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US Cobra Ball Spy Plane Spotted Adopting Malaysian ID to Spy on Chinese Missile Test

© Flickr / Christopher EbdonBoeing RC-135S Cobra Ball I, 61-663 707
Boeing RC-135S Cobra Ball I, 61-663 707 - Sputnik International
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In the third such incident in a week, a US spy plane has been caught changing its transponder code to a civilian aircraft to disguise itself and spy on China - this time, peeking in on a Chinese missile test in the Yellow Sea.

Early Wednesday morning, a US Air Force RC-135S Cobra Ball aircraft took off from Kadena Air Force Base on the Japanese island of Okinawa, bound for the Yellow Sea. However, researchers at a Chinese think tank soon noticed the US plane had been replaced on aircraft-tracking sites by a mysterious Malaysian plane, which then flew orbits for six hours over the Yellow Sea before flying for Okinawa.

​According to the South China Sea Probing Initiative (SCSPI), a think tank associated with China’s Peking University, the plane’s behavior matched that of an RC-135S Cobra Ball sent to watch People’s Liberation Army missile tests in the Bohai Sea that day. The Cobra Ball is a specialized intelligence aircraft with equipment for collecting data on ballistic missile tests.

Sputnik reported the day prior that a relative of the Cobra Ball, an RC-135W Rivet Joint signals intelligence plane, had performed a similar maneuver over the South China Sea. In that incident, the Rivet Joint also disguised itself as a Malaysian plane before flying back and forth in the waterway between the Paracel Islands and Hainan for several hours.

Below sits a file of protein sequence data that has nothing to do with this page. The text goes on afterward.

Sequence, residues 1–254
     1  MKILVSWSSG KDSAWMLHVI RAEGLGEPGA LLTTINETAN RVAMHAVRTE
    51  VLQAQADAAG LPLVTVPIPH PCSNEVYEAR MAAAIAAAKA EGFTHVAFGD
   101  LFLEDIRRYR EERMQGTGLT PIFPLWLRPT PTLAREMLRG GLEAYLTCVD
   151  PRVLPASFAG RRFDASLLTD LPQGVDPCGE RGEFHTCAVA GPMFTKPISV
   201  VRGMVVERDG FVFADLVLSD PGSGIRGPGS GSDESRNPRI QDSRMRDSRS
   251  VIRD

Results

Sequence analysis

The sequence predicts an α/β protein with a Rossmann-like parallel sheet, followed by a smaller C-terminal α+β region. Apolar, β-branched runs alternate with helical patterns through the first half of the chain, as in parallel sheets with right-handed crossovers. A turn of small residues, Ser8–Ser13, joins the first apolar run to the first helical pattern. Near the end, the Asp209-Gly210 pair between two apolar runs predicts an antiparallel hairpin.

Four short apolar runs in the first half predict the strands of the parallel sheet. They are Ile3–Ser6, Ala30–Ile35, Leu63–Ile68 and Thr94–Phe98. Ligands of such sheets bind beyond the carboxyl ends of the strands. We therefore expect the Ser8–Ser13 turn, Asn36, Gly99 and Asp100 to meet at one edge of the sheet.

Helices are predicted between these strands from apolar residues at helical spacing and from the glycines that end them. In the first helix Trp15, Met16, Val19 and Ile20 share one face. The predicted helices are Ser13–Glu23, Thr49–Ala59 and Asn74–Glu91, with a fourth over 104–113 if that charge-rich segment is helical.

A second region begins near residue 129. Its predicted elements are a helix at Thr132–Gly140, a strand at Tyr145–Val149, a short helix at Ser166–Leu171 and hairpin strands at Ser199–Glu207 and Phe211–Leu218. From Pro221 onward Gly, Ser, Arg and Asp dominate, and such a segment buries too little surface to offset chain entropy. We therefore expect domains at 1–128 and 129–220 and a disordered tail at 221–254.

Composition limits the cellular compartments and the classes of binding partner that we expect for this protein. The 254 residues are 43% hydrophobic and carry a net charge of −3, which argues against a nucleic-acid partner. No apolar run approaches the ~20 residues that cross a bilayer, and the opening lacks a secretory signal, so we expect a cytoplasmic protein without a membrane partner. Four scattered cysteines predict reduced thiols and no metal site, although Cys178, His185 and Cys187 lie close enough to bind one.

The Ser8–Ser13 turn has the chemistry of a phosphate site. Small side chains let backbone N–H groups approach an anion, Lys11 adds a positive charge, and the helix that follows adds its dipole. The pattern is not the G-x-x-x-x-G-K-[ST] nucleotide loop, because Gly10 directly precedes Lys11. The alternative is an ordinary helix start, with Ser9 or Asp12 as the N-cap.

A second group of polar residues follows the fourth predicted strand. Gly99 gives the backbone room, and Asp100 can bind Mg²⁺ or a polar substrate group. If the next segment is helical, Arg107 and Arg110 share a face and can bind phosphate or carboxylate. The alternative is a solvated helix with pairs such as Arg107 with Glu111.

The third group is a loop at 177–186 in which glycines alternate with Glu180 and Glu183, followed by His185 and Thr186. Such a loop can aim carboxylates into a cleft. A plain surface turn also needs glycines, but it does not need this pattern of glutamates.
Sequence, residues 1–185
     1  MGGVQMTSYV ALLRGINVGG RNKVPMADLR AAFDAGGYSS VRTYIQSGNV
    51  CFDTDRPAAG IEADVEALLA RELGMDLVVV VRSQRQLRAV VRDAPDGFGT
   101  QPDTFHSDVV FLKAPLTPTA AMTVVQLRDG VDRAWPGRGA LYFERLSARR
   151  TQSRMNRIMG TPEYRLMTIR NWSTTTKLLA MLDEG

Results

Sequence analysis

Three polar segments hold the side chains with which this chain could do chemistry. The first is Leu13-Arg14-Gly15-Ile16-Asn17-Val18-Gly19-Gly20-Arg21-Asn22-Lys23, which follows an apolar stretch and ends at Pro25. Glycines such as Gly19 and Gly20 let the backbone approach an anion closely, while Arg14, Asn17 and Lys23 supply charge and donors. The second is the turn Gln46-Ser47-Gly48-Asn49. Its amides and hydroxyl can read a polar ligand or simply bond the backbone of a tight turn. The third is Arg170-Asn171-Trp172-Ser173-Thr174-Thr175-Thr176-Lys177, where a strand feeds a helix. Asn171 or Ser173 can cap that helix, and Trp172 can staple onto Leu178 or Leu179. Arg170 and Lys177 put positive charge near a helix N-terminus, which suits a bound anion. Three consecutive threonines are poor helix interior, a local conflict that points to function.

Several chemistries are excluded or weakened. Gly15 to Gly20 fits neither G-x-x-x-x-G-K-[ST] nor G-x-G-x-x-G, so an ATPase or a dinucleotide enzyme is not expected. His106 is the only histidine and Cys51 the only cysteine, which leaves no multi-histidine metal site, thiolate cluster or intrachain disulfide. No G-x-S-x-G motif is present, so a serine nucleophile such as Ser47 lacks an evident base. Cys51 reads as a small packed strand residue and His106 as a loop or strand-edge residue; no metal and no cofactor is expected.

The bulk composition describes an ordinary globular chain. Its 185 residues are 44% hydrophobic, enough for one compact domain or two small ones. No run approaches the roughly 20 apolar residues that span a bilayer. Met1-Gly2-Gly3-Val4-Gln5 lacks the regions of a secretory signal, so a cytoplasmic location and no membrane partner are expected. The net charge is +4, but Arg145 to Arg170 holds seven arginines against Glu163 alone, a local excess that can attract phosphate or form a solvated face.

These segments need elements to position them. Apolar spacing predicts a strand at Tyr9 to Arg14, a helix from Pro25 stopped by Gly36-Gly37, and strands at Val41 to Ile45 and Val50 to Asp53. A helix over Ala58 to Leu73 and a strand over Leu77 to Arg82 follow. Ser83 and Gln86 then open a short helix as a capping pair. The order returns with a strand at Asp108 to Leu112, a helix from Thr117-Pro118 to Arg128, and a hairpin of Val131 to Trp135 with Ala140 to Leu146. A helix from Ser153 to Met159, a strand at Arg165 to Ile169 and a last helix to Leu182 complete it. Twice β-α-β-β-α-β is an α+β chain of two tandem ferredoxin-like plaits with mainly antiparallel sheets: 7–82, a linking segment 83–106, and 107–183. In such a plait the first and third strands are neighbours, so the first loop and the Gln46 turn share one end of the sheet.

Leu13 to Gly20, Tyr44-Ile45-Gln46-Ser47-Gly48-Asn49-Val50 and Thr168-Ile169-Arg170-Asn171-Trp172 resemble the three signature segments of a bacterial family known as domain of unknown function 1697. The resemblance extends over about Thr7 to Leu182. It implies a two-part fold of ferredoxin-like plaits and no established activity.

The maneuver is accomplished by changing the plane’s International Civil Aviation Organization (ICAO) hex code identifier, a unique number tied to its ICAO registration that tells other planes, ships and radar sites information such as type and nationality, as well as position in the sky. The US spy planes must have turned off their US transponders and turned other ones with fake hex codes in the range of those used by Malaysian aircraft

Sputnik has documented numerous other instances of US spy planes engaging in this practice or using civilian aircraft as cover - which in at least one instance resulted in a Korean airliner getting shot down by a Soviet interceptor over the Soviet Union’s Sakhalin Island in 1983, killing hundreds.

China’s Maritime Safety Administration has closed off several parts of the Yellow Sea for military drills over the past few weeks, with the latest including live-fire exercises on Tuesday and Wednesday, according to India’s Economic Times.

On Tuesday, a European Space Agency Sentinel satellite managed to capture a photo of China’s sole commissioned Type 055 destroyer, the Nanchang, firing a missile during drills just off the Liaodong Peninsula.

​The launch happened in the same Yellow Sea restricted zone highlighted by the SCSPI in relation to the RC-135S flight, meaning the spy plane could have been watching the drill in question or collecting information about its aftermath.

Days earlier, China’s two aircraft carriers, Liaoning and Shandong, drilled together for the first time in another part of the waterway.

By Morgan Artyukhina

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